Burglary happens more than many of us may care to think about, and any business that isn't taking the proper precautions is at risk of becoming the next victim. According to a survey by insurance company Insureon, as many as 8.8 percent of small businesses were victims to burglary just two years ago.1 That same survey found that business owners commonly pay as much as $8,000 out of pocket when victimized by a burglary.

A number of strategies can help prevent burglars from wreaking havoc with your company and your bottom line, or at least make it more difficult for them to do so.

Alarm system and monitors

Perhaps the most obvious way to help protect your business from burglary is to have a good alarm system and monitor setup. Do your research and figure out which systems have the best reviews. Some very reliable systems can be installed by a non-professional, although you may decide that it’s worth paying for the convenience and security of having professionals install your equipment. Be sure to use a system that includes video surveillance with monitors that you can view to identify any suspicious activity.

Keep Track of Keys

This one may also seem obvious, but in the day-to-day crush of business operations, it may not always be top of mind. Be sure to keep close track of keys that access not only your place of business itself, but also any safes, lockboxes, drawers, interior doors, etc. Maintain a log listing who each key is assigned to, allow only authorized personnel to use keys, and be sure they are always accounted for. If an employee leaves, especially if it’s under less-than-ideal circumstances, recover all their assigned keys and consider re-keying important locks in case keys may have been duplicated.

Windows and Doors

How secure are the doors and windows at your place of business? Are the locks reliable or would they be relatively easy for the common criminal to pick or break without causing a scene?

"Exterior windows can be covered with burglar-resistant glazing, which provides the appearance of glass and increases security," according to the State Farm Insurance website.2 "Consult a security expert to find out more about glazing. Many window locks are simple latches that can be pried open. Ask a locksmith or security supplier about more secure window locks."

When it comes to doors, the insurance giant recommends using those constructed from solid-core wood or metal and making sure they fit tightly into the doorframe.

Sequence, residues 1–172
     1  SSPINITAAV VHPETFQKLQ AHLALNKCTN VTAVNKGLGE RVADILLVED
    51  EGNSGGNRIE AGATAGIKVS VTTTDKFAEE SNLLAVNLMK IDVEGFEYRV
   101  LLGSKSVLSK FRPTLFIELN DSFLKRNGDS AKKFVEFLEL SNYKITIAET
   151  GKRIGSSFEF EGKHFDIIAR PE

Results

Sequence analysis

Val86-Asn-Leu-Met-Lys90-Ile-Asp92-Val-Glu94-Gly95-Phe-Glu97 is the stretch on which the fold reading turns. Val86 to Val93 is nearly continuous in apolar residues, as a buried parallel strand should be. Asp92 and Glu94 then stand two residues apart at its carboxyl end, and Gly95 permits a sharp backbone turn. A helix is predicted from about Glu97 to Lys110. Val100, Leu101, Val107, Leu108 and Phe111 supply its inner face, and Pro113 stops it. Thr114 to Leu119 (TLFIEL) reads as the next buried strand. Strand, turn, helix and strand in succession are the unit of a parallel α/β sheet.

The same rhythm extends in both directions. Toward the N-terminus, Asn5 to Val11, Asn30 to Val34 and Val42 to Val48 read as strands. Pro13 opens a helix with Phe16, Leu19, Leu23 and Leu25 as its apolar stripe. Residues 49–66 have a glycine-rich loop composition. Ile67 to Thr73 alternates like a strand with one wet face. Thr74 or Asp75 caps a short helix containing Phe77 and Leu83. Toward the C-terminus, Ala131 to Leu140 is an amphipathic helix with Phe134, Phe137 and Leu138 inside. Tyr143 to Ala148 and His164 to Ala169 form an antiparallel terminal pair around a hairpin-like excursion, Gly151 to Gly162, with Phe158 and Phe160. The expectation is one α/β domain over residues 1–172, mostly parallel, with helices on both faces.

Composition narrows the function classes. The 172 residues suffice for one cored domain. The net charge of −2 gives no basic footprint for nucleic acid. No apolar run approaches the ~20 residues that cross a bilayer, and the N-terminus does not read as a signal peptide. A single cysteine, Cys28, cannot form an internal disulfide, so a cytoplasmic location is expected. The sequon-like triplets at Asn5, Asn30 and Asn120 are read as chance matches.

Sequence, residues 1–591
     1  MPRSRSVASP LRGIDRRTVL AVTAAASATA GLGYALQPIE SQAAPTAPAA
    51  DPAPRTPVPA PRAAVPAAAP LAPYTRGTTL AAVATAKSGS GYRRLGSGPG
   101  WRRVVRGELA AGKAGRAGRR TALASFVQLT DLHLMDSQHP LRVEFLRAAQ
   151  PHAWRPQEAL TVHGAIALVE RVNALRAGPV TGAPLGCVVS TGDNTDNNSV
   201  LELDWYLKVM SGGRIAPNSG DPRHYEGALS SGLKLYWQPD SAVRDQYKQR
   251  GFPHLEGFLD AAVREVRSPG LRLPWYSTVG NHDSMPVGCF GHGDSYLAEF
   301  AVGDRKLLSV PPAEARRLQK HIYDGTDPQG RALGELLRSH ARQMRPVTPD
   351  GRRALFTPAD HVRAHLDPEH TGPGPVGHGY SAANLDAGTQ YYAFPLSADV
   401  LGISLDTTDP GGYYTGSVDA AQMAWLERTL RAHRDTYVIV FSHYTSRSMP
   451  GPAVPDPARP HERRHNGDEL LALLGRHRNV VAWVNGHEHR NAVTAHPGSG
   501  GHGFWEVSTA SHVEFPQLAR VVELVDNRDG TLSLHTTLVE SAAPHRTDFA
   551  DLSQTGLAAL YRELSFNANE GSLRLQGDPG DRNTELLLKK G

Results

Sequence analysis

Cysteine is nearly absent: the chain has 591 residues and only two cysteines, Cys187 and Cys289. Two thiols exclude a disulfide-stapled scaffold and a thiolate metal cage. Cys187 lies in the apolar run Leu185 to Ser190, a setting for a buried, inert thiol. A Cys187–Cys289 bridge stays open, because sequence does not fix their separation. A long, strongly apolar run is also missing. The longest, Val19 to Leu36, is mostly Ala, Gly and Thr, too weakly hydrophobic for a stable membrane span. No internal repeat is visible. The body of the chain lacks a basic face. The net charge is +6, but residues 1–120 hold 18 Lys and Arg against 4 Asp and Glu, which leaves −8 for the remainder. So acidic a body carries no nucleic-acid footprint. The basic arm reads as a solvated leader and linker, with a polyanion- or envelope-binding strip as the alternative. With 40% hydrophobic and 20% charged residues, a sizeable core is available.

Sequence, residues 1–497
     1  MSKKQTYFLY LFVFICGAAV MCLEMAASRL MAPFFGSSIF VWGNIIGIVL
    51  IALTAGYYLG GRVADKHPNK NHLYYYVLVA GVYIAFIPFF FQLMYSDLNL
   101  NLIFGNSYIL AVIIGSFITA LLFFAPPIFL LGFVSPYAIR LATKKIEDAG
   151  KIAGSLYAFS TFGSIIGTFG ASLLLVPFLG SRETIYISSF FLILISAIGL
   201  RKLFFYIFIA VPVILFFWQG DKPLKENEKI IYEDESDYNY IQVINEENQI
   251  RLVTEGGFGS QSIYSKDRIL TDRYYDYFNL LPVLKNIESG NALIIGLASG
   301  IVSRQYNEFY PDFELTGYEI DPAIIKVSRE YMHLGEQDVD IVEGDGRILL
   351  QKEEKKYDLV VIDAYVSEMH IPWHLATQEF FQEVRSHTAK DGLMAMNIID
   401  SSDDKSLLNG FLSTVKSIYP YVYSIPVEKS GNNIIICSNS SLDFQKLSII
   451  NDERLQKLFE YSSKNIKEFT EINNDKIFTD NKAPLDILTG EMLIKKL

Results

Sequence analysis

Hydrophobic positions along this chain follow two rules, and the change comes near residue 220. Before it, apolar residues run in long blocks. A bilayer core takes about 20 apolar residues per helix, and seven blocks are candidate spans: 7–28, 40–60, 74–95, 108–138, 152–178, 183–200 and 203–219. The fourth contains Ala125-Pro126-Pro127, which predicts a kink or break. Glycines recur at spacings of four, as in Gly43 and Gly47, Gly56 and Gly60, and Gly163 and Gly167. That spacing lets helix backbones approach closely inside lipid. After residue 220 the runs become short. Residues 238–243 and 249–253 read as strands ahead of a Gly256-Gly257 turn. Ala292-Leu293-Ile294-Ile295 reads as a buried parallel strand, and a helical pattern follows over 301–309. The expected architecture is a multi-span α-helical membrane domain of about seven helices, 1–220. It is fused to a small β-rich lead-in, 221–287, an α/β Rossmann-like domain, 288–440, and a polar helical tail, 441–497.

Lighting (Interior and exterior)

If you have good enough lighting (both on the inside and outside), you may be able to prevent burglary before the doors and windows become an issue. These criminals don't want to be spotted, of course, so if light is going to shine on them as they try to break in, they'll be less likely to even attempt it.

Have your outside lights on a timer or buy sensor light switches that automatically go on at night and go off in the morning. Ensure that lights stay functional and are located in places that make it difficult for criminals to break them. Always have backup bulbs on hand to replace any that burn out or are broken. If there are electrical issues, don't hesitate to contact an electrician.

Eliminate Hiding Places

If it is within your power, make sure there aren't places surrounding your building that would make it easy for criminals to hide. If you share a space with others, and there are concerns in this area, speak to those who have a say in the matter, and help them understand why certain changes would help make everyone safer.

Insurance

Make sure that you have solid insurance coverage. If you do experience a burglary despite your best efforts to deter criminals, having the right insurance can make a big difference in your ability to recover from the crime with as little pain as possible. Shop around for the plan that benefits you the most.

1. https://smallbiztrends.com/2017/03/commercial-burglaries.html

2. https://www.statefarm.com/simple-insights/planning/protect-your-business-from-burglary

The information provided is presented for general informational purposes only and does not constitute tax, legal or business advice. Any views expressed in this article may not necessarily be those of Nevada State Bank, a division of ZB, N.A. Member FDIC